There aren’t any courts in space, but the law doesn’t go away.
If you get hit by a piece of space junk, who’s responsible?
The literal answer to that might be straightforward, but the legal answer might not be so simple. Think about it in the same way as international law: it involves multiple states with different (sometimes conflicting) interests, and politics can dictate the successfulness of cooperation.
Professor Melissa de Zwart, the Dean of Law at Adelaide Law School, has written about the topic. She says we should first look to the Outer Space Treaty.
“The Outer Space Treaty is what I would call the ‘foundation treaty’ of International Space Law. It was formed at a time when there were two space superpowers during the cold war – the US and the USSR,” she says.
“Both of them were competing. First by sending rockets into space, and then by sending humans into space. And at the same time, you had developments in nuclear capabilities… everybody realised, very quickly, that the space domain was unpredictable and fragile. So the problem was, if anyone put weapons of mass destruction in space – or on the moon – it was going to be disastrous for all of humankind.”
The treaty was created to ensure that space should be used for ‘peaceful purposes’. So, putting weapons of mass destruction in space – or permanent installations on the moon – are a no-go.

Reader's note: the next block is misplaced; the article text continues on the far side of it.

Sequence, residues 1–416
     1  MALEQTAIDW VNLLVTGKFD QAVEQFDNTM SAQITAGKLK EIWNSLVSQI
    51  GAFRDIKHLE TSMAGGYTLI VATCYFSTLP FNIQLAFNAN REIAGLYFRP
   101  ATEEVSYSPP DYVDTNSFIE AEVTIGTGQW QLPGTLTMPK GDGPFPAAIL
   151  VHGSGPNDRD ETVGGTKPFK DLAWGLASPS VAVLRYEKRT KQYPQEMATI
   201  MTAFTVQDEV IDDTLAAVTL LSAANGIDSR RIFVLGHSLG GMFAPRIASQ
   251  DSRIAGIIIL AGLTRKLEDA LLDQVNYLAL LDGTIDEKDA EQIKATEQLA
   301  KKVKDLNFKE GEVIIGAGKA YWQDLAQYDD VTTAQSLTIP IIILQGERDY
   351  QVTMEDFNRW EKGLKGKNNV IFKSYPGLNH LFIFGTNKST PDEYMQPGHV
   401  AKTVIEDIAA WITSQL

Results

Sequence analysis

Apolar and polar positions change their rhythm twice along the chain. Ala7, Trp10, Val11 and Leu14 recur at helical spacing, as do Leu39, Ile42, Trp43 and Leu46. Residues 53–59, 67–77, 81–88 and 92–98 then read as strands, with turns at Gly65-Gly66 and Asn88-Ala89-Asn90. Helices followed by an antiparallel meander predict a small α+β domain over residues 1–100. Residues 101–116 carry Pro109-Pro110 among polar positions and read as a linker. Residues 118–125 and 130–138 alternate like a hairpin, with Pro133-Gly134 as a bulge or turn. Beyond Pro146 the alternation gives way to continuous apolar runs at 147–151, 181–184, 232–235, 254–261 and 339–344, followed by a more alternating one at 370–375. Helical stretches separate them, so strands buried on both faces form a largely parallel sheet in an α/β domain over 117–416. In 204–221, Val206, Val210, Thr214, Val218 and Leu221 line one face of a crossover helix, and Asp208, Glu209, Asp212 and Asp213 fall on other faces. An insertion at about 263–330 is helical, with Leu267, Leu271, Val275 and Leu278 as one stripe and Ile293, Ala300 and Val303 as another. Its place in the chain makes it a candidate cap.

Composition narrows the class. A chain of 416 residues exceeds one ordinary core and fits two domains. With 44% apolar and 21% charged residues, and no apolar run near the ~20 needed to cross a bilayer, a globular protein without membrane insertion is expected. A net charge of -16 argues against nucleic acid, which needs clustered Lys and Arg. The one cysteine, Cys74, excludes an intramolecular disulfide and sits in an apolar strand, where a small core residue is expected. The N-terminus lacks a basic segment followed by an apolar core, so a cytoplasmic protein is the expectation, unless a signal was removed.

“It’s (Outer Space Treaty) the most ratified treaty of all of the Space Law treaties. It’s the catch-all one. There were other treaties created from 1967 through to 1979, but there probably won’t be any more multilateral space treaties,” says de Zwart.
“The uses of space have changed over time… the Outer Space Treaty assumes that the only entities that would be wealthy enough – or large enough to go into space – would be governments. They didn’t contemplate that there would be a commercial use of outer space.”
So, where to now?
You’ll need to assess the specific situation you’re in. Was the piece of space junk from one state? Why did it crash land? Did objects from two different states collide to cause damage? A treaty called the Liability Convention provides guidance, and there are also a range of exceptions to consider.
Claims under the Liability Convention are rare. So rare, only one exists: the Government of Canada made a claim to the Soviet Union for $6 million in compensation after its nuclear powered satellite Cosmos 954 crashed in Northern Canada in 1978.
Space, overall, is a cooperative domain.
Regardless of the need to further regulate space, de Zwart is positive about existing law in the area.
“I would say it has been extraordinarily successful,” she says of the Outer Space Treaty.
“A lot of people are worried about things like weaponising satellites or putting a nuclear weapon on a satellite… this is what the Outer Space Treaty recognised; it wasn’t in anyone’s interest to allow the placement of nuclear weapons in space. So, has it been successful? Yes.”